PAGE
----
Staten Island Spring Closes Permanently After Fights

By Nicholas Rizzi on October 4, 2012 2:22pm 

STATEN ISLAND — Even the Marines can't keep thirsty Staten Islanders in check.

The Marine Corps League, an association of active and retired Marines that owns a popular natural spring, plans to leave the water source closed permanently after fights broke out among people drinking from it.

The decision not to reopen was made because of insurance concerns, said Al King, a Marine Corps League commander.

The Sunnyside spring has been closed to the public since August when arguments about people taking a long time to fill large containers turned into brawls.

The water, which some thought bubbled through rock from Pennsylvania before spurting to the surface in Staten Island, had a legion of fans — some of whom claimed not to have drunk anything else in years.

"It's unfortunate because we were trying to let people enjoy it," said King. "People can't get along and they forced us to close it."

The closing was initially supposed to be temporary due to an incident on July 23, according to a sign posted on the fence.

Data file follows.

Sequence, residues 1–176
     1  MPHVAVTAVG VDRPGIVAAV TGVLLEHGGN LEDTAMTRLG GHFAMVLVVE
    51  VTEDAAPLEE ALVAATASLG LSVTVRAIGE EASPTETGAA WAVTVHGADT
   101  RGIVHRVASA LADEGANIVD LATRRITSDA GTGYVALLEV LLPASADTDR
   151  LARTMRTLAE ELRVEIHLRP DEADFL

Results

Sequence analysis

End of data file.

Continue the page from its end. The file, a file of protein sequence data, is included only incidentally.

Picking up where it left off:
However, when King tried to reopen the spot to the public, his insurance agency and lawyers said he could not due to fear of injuries from the brawls.

"We had no choice," King said. "We had to close it down."

Because the field where the spring sits is uninsured, if somebody was to get hurt there, the Marine Corps League would be held responsible, King said.

"It's a liability issue," he said. "Somebody gets hurt and we have a liability."

The public used to have access to the spring from a gate on Logan Avenue for a few hours a day and residents would line up to collect gallons of water.

A neighbor previously told DNAinfo.com New York that people would regularly fill up 20 to 25 containers of water, and would not let people with one or two bottles go ahead of them in line.

For years, residents from Staten Island, the other boroughs and New Jersey would trek to the area for the spring.

"We couldn't live without it," said Emerson Hill resident Mensur Frangu, 47, who'd been filling up at  the spring for more than 10 years.

"We just got so used to it. It's very good water, it's very light."

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